Snow plow and bus drivers are exceptionally critical occupations this time of year — but they’re in short supply statewide.
A new Juneau-based program may change that.
The $1.7 trillion spending bill recently passed by Congress included $750,000 for University of Alaska Southeast to establish and operate a commercial driver’s license education training program at UAS’s Juneau campus.
According to UAS Chancellor Karen Carey, the new program will help fill the many positions for CDL-certified drivers currently vacant in Juneau and across Southeast Alaska.
“We are just really thrilled that we got it — we really need it in Southeast,” she said. “We know it’s a real need here and starting a new program is not cheap — especially a program like this.”
CDL requirements have gotten more difficult to meet recently after additional training requirements were added in February by the Federal Motor Carrier Safety Administration, and paired with the nationwide worker shortage — many Alaska communities have been left without enough CDL-certified drivers to meet community demand.
According to Katie Koester, director of the City and Borough of Juneau Engineering and Public Works Department, Juneau is no exception to this shortage. Currently, CBJ’s winter maintenance crew is down four equipment operators — a position which requires a CDL — out of its 25-person street and fleet crew. Its Capital Transit bus system — which also requires a CDL — is down six drivers which has resulted in recent route suspensions.
I’m super excited,” Koester said. “There really is quite a need for CDL licenses in any Alaska communities.”
With the new program set to come to Juneau, Koester said she is interested in CBJ establishing a partnership with UAS to aid potential or current employees interested in getting their CDL for a city position. She said often city employees have to travel to the University of Alaska Anchorage for the training to obtain a CDL, which she said can be a burden for the employer and the employees.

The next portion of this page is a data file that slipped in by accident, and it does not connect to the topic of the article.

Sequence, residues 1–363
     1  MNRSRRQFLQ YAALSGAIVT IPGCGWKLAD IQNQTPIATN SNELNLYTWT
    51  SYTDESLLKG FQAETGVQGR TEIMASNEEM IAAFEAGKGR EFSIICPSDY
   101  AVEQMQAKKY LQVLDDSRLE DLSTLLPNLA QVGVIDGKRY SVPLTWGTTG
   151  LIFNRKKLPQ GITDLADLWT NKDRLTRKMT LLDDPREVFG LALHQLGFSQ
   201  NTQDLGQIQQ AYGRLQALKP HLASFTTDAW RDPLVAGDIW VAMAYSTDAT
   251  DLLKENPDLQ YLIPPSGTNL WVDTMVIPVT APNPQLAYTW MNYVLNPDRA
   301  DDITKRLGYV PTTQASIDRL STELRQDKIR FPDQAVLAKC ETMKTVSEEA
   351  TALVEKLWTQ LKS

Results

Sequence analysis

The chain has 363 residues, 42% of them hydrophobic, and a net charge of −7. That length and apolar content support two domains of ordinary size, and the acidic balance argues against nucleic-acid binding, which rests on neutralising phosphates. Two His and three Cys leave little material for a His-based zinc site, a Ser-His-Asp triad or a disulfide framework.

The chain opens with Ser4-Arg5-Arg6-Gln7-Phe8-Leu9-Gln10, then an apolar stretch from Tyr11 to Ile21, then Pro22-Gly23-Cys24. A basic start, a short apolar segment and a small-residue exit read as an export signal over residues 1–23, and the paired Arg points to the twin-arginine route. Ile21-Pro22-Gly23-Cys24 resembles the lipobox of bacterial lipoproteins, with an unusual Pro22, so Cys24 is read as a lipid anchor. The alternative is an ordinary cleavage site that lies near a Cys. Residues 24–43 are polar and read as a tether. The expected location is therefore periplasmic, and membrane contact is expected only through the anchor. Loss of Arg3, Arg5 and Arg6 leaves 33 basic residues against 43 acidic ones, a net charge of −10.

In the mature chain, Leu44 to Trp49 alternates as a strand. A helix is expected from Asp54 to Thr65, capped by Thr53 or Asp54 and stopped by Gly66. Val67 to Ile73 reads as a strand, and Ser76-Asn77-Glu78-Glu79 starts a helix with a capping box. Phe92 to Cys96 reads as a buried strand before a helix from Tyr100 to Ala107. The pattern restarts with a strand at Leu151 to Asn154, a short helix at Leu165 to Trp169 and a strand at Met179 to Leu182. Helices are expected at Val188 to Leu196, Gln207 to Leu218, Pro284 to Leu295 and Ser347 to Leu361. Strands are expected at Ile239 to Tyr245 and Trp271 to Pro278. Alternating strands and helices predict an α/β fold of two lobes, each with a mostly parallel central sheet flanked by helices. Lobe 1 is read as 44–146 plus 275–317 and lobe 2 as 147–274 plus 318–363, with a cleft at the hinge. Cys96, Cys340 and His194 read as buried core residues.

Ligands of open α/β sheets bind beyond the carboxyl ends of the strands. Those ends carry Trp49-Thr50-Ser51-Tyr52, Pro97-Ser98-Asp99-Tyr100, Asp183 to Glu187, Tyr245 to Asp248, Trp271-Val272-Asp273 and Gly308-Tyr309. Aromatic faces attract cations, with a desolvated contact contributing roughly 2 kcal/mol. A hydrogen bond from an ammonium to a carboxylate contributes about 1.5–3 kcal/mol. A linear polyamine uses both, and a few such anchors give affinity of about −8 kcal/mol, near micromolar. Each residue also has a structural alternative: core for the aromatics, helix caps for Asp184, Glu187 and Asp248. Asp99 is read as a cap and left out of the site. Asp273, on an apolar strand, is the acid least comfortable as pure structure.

“I think that any time we can provide that training close to home is going to be beneficial and more accessible to our employees,” she said. “We are definitely open to working with UAS to help provide a career ladder for our employees.”
Carey said the next steps after the funding is allocated will be for UAS to partner with UAA — which already offers a CDL program — and begin the process of hiring instructors.
She said the bulk of the allocation will go toward hiring at least two certified instructors, along with possibly purchasing a large-scale vehicle like a semitruck, and noted UAS does not currently own any vehicles that can be repurposed for the program. She said UAS will also be looking into other ways to procure vehicles as the program moves closer to its expected fall 20224 start date.
The program will be based at the downtown UAS Tech Center and will welcome around 10 to 12 new students in its first semester. The program will be mostly in person, but Carey said there may be opportunities for partial online participation.
Juneau School District Superintendent Bridget Weiss said the district is interested in getting involved with the new program and is always looking to develop new partnerships or provide new Career Technical Education programs opportunities to its students. The UAS Tech program is connected via skywalk to Juneau-Douglas High School:Yadaa.at Kalé campus.
“This is an exciting opportunity and we will be exploring how to connect interested students with this program,” she said.
Carey said she hopes to see this program grow beyond its initial expected capacity, noting the federal allocation is just the initial kick-off point to where UAS intends to go with this program.
“We believe this would be our initial start, and our goal right now is to get this program started so people have a place to go in Southeast,” she said.
Contact reporter Clarise Larson at email@example.com or (651)-528-1807. Follow her on Twitter at @clariselarson.